Gideon the Ninth

Gideon Nav hates living in the House of the Ninth, and everyone there seems to hate her, even though they won’t let her just leave. When she finally gets close to actually escaping, Harrow, a necromancer and the heir to the Ninth House, manages, through some sneaky means of her own, to convince Harrow to come with her as she seeks to become the emperor’s next Lyctor. To become a Lyctor, Harrow will be tested, and she’ll need a skilled cavalier at her side. So Gideon and Harrow, along with seven other necromancer/cavalier pairs, gather at the First House’s home planet to face an undefined series of tests.

Gideon’s bad attitude about the whole thing reminds me a bit of Murderbot, as did the complicated plot. This book gets a lot darker than Murderbot, although Gideon never stops being a smartass about it all. As the book went on, I got a little more of a handle on the plot and the large cast of characters, but that took a while! For about a third of the book, the teams outside the Ninth were a sort of undifferentiated blur, but gradually each pair’s unique qualities and special skills start to emerge. And there is a character list at the beginning of the book, which helps a lot. (And here’s a helpful hint from me to you: The necromancers’ surnames are all derived from the number of their houses — Harrow Nonagesimus for the Ninth, Silas Octakiseron for the Eighth, Dulcinea Septimus … etc.)

As the danger increased and the nature of the book’s central mystery became clearer, I got pretty wrapped up in the story. Gideon and Harrow’s contentious relationship forces Gideon to turn to other characters for companionship. She develops something of a crush on necromancer Dulcinea, gets into some duels, and finds partners to help her solve the mysteries that keep emerging. The partnership between Gideon and Harrow, however, is the heart of the book, and by the end, I found myself more and more drawn to Harrow as a character. I like how she just gets to business and could relate to how she keeps to herself except when collaboration is necessary (and it turns out she has some good reasons to be mistrustful).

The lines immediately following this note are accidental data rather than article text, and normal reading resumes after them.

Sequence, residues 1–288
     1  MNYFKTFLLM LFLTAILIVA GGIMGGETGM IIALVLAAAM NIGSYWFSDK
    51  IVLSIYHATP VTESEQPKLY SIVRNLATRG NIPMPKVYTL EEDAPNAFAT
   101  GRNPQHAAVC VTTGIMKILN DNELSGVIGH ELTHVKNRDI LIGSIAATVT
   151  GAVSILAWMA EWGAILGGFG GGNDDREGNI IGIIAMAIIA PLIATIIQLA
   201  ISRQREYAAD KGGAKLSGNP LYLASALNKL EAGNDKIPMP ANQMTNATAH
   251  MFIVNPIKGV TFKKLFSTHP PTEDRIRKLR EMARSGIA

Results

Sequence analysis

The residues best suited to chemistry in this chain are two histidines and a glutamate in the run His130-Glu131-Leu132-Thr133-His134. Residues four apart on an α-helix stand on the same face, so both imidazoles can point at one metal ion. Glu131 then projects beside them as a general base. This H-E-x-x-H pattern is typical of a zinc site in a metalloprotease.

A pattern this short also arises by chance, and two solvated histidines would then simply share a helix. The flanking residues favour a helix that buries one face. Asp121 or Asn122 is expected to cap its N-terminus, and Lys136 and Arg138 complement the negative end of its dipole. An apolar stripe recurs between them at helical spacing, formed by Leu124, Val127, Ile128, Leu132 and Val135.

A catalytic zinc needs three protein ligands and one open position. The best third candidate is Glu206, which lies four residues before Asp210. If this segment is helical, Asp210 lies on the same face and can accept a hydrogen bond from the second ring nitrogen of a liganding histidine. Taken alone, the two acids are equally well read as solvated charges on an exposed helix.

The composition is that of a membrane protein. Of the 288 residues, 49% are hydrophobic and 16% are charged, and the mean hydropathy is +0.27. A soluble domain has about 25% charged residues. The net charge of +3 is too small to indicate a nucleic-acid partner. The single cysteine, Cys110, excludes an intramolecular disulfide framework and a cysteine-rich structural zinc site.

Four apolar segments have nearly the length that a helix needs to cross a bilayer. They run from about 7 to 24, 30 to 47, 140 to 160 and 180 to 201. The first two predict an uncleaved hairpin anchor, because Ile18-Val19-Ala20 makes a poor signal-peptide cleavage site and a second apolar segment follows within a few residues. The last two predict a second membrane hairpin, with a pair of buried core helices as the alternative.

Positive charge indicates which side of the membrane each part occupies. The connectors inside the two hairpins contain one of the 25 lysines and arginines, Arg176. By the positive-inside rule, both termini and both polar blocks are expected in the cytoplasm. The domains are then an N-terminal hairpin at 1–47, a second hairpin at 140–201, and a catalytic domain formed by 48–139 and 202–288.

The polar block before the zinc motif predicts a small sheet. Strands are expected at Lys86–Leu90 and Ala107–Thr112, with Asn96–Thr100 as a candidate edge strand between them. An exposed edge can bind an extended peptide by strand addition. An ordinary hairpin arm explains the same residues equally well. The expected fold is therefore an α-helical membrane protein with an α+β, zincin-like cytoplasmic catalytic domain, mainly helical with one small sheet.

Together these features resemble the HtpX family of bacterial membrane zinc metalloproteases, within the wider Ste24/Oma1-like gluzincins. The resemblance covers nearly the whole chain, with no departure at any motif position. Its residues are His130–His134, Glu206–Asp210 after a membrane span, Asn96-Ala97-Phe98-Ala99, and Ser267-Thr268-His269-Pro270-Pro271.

The good news is that Tamsyn Muir’s next book in the series focuses on Harrow. And there are two more books planned after that. The world of this novel is clearly complex enough to warrant more books. By the end, it was clear that this story barely scratched the surface of what is happening, and many more mysteries and secrets are left to uncover.

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6 Responses to Gideon the Ninth

  1. Jeanne says:

    I said in my review of this one that I hoped the next would run on more than snark and sarcasm (Nov. 11, 2019). But careful what you wish for…Harrow the Ninth is pretty harrowing (reviewed
    Aug. 14, 2020).

    • Teresa says:

      Given what Harrow herself is like, I’d expect less snarking and more harrowing. There wasn’t too much of it for me here, but I’ll be interested in the different tone.

  2. Cosigning what Jeanne said!! Harrow the Ninth is indeed quite, quite harrowing. But there are still a lot of jokes — I probably laughed more reading Harrow than I did reading Gideon, although I accept that this is partly because I have more of a fellow feeling for Harrow.

    • Teresa says:

      Yes on the fellow feeling for Harrow. All through the book, I was thinking, yeah, this is maybe not the healthiest way to be, but I completely get being this way.

  3. Jenine says:

    I ended up deciding this world wasn’t for me. I can’t love the dust of the tomb as set dressing and eventually wished these characters could show up in a different setting altogether. I did laugh several times though.

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